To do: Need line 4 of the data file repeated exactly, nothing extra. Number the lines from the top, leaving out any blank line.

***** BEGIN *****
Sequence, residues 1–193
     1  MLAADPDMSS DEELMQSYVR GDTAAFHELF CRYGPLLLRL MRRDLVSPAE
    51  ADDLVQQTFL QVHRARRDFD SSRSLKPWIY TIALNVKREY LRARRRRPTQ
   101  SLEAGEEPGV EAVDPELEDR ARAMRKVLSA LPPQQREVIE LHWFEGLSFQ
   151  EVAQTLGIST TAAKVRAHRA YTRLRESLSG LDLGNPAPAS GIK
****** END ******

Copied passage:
   101  SLEAGEEPGV EAVDPELEDR ARAMRKVLSA LPPQQREVIE LHWFEGLSFQ